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In the Weeds

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NO NEED FOR ALARM Despite the fear that legalization would lead to increased cannabis use, studies have proven otherwise.

Cannabis’s social impact isn’t that bad, but the good stuff is overblown

From the beginning, a weird assumption has permeated discussions of cannabis legalization: that if removing legal penalties from pot means more people will use it, that’s a problem. It’s not surprising that prohibitionists believe this (or say they do). But it’s odd that advocates of legal pot often seem – mostly by implication – to agree. This usually happens when pro-legalization people trot out statistics that purportedly show that legalization doesn’t increase pot consumption, or doesn’t do so by much.

This isn’t so surprising, really. A big part of the effort to legalize is aimed at easing the moral panic that lies behind prohibition. Don’t worry, advocates tell the worrywarts, legalizing weed won’t lead to a citizenry composed of zonked-out potheads. Still, given that advocates also extol all the benefits of weed, and given that many of them are in the pot business and would like to sell more weed to more people, it’s weird.
This is yet another issue complicated by the unique attributes of pot: it’s an intoxicant that can be abused, but is also a health remedy (in ways both proven and speculative). It’s used in religious rites and also by slack-jawed teenagers who get baked to play video games or watch Marvel movies, as well as by responsible adults using it to relax after work (and perhaps watch Marvel movies). No other substance is really like this. Psychedelics come close, but even the mildest of them can be very dangerous if used carelessly. That’s not the case with pot. Wine is used in religious sacraments, but, unlike with weed (or at least, with THC) intoxication isn’t usually the goal.

All of this makes it impossible for anyone to truly take a side with pot: thumbs-up or thumbs-down (which isn’t the same as approving or disapproving of legalization). In terms of its impact on society, it’s both good and bad, though most of the bad stuff isn’t that bad, and some of the good stuff is overblown.

So, does legalization lead to increased use? On balance, the research seems to indicate that the answer is: sometimes, but not by very much. One 2018 study published in the journal JAMA Psychiatry found that pot use ticked up a bit for certain populations, but also that problematic use increased. Problematic was defined as obsessive use or addiction (a thorny term when it comes to weed, which is much easier to kick than, say, nicotine). Interestingly, the increases in both use and problematic use were seen mostly in older adults: those 26 and up. For younger people, ages 12-25, any increases were so tiny the researchers wrote them off as statistical noise. The researchers based their findings on data they pulled from the National Survey on Drug Use and Health.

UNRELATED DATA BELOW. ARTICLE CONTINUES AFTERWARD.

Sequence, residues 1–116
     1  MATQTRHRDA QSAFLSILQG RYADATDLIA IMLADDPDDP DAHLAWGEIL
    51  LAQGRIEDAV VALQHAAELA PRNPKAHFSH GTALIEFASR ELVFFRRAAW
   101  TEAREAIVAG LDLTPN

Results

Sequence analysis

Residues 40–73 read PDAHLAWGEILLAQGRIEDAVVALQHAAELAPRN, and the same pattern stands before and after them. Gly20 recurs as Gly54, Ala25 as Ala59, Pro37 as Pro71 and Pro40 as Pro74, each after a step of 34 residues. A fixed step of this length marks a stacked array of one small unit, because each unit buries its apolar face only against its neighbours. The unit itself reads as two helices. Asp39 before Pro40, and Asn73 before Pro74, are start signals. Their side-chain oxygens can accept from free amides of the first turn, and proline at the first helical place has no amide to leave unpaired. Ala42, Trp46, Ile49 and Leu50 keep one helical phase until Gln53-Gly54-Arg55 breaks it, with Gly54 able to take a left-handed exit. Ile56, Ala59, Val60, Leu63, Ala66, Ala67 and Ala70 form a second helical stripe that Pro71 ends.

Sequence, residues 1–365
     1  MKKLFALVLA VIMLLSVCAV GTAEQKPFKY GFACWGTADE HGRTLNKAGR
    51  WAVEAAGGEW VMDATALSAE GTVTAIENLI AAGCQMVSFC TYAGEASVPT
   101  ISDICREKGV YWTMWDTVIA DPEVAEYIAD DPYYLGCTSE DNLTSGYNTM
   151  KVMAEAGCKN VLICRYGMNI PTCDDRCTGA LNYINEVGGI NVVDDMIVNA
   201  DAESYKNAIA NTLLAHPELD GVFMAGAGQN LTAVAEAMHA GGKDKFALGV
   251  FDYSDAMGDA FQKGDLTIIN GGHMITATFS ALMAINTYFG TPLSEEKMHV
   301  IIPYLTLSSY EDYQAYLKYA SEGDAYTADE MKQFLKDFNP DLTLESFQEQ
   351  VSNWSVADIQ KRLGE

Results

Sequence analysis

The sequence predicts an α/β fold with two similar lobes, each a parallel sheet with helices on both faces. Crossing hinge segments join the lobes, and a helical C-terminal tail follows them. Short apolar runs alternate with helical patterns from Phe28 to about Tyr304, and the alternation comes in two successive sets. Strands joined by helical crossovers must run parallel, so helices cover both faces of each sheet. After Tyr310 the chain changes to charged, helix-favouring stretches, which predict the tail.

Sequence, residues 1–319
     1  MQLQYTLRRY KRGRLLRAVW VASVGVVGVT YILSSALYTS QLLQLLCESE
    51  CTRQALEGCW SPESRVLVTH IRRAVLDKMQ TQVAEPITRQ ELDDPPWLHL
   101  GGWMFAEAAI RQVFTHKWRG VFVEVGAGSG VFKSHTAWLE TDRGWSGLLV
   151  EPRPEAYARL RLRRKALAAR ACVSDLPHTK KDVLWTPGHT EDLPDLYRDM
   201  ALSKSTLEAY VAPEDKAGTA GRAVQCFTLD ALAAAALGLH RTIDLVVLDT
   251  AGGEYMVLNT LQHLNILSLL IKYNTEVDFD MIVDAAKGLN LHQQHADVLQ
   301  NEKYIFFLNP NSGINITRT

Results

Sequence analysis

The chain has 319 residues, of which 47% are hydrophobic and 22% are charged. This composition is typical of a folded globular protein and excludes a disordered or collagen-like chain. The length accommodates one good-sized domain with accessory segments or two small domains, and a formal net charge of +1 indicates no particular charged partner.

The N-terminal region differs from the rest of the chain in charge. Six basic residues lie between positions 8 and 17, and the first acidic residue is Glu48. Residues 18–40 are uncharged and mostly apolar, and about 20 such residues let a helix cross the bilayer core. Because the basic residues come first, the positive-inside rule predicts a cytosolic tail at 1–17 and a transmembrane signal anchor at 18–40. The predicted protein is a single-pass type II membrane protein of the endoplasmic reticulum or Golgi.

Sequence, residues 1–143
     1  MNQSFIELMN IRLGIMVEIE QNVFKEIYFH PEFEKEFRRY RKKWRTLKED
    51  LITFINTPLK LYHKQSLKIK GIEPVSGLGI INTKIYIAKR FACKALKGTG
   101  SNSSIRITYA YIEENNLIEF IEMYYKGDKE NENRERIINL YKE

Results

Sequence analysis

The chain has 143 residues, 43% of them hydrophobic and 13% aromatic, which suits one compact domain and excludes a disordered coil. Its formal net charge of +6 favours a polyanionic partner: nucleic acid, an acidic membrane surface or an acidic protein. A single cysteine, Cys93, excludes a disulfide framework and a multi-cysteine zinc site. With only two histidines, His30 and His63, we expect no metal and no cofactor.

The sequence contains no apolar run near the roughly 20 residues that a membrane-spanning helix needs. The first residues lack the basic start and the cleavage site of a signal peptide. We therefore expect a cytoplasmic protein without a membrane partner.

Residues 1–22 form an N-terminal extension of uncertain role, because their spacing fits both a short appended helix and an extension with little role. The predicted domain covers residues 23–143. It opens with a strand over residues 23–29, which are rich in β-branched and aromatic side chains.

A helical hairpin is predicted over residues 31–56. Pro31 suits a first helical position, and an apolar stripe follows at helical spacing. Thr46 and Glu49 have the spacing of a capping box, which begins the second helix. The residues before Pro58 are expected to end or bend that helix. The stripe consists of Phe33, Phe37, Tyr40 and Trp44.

For the older adults, the increases in use, heavy use, and problematic use were marginal – less than two percentage points. The researchers were careful to repeatedly state that their findings should not be taken as ammunition for prohibitionists, but of course that didn’t stop the prohibitionists from focusing on those marginal increases as proof that weed is evil.

Those prohibitionists were no doubt disappointed in the lack of increased use among younger adults and kids shown by the JAMA study and others. Protecting the children is their go-to argument, after all. So they are likely even more disappointed by a study published last week by the federal government concluding that legalization has led to no increase at all in pot use among adolescents.

That study, from the Department of Education’s National Center for Education Statistics, found that between 2009 (when there were no legal recreational markets) and 2019 (after several states had legalized) there was no measurable difference in how many high-schoolers reported consuming cannabis at least once in the previous 30 days. In both of those years, the number of adolescents who reported using weed hovered slightly above 20 percent.

As legalization advocates have said all along, the legal status of weed seems to have little to do with whether someone is going to use cannabis.